Teresa Glennon and Barry McCarthy are a world-famous songwriting team, whose songs have sold hundreds of millions of copies, worldwide, since they began writing songs together in the mid 1980s. Initially, they wrote all their songs together, trading ideas and suggestions back and forth about both the lyrics and the music for each song. Starting around 2000, they fell into a pattern whereby Glennon would write the lyrics, and McCarthy the music, to create their songs. That continued until 2005; since then, each of them has been writing songs completely independently, i.e., composing the lyrics and the music without any input from the other.
When any of their songs (including the most recent ones) is published (in sheet music or book form) or released on a recording, the listing always says “By T. Glennon and B. McCarthy.” They have also continued the practice, begun when their partnership began, of designating themselves as “joint authors” for all of their songs when they register their copyrights.
Renzo Clarido is a documentary film-maker employed by YouTube. He is working on a movie about the mayoral election in New York in 1998, and he would like to use one of the Glennon-McCarthy songs – “I’ll Get You, You S.O.B.,” written (by McCarthy alone) in 2008 – as background music in the movie. He writes to both Glennon and McCarthy, requesting their permission to use the song in the film (and offering to pay each of them $250). Glennon writes back and says that she accepts those terms. McCarthy, though, doesn’t; in his letter back to Clarido, he writes: “I expressly forbid you to use the song I’ll Get You, You S.O.B., in any film, movie, motion picture, audiovisual work, or the like.”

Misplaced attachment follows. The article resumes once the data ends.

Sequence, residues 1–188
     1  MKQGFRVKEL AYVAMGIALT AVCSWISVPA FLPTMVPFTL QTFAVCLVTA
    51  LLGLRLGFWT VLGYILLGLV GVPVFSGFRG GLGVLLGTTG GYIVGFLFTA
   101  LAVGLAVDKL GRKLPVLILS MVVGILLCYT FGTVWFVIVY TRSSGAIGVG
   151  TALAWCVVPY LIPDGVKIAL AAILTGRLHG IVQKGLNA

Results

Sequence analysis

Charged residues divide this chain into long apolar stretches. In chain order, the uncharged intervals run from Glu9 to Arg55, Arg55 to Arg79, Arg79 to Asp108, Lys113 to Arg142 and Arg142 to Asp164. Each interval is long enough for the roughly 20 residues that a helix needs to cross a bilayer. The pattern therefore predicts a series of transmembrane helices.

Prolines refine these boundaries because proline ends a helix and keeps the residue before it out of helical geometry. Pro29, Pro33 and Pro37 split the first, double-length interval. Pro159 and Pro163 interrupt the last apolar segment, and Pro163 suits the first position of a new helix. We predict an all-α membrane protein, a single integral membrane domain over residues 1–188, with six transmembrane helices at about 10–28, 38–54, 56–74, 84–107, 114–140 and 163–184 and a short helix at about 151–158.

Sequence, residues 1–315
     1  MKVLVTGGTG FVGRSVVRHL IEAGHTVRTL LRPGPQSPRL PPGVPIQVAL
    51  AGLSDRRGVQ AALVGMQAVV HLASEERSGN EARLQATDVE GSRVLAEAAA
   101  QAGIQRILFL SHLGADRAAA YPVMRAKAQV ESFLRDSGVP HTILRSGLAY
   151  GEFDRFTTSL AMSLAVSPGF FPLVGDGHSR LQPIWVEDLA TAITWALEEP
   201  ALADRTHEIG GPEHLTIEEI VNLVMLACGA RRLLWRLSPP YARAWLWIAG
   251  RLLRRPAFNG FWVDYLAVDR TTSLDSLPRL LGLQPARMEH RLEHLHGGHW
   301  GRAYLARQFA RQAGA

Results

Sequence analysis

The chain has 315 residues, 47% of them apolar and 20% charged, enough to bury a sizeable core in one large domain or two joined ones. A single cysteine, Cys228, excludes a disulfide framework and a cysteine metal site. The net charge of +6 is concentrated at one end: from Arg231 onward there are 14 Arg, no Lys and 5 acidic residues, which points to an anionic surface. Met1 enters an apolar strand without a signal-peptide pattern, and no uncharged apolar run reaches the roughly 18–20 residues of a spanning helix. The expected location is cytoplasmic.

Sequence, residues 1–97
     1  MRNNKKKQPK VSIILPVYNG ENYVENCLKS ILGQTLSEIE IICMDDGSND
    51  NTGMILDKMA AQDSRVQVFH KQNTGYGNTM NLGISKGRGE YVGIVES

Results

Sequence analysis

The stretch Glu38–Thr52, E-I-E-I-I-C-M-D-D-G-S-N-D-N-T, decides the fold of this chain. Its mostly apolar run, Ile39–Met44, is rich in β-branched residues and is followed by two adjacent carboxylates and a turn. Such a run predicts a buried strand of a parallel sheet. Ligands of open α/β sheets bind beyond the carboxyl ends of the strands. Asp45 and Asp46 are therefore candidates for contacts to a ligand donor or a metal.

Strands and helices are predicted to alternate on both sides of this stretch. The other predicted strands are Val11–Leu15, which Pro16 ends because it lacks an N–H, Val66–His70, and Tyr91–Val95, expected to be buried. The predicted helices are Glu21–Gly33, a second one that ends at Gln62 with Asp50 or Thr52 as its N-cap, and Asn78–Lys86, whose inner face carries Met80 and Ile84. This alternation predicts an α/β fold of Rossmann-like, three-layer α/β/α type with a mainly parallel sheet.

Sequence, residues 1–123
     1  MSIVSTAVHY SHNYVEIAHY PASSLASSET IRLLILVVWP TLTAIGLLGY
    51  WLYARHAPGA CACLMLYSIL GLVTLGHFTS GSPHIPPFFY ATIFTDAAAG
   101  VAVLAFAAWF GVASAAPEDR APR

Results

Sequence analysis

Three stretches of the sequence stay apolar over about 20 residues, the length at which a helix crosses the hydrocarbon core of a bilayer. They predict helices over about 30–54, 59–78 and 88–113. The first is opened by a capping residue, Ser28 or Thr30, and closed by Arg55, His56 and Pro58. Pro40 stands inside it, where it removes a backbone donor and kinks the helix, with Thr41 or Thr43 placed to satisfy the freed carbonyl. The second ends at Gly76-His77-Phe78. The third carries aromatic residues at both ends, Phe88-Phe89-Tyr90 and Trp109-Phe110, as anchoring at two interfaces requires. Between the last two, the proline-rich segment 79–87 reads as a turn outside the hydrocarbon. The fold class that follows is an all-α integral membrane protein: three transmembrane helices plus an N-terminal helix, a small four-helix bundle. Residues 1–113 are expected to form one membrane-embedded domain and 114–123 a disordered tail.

(a) Clarido has asked for your advice. What do you tell him? Can he use the song in his film?
(b) Would your answer be different if Clarido wanted to use a different song by Glennon & McCarthy, “What’s the Use?,” written in 1988? Why (or why not)?
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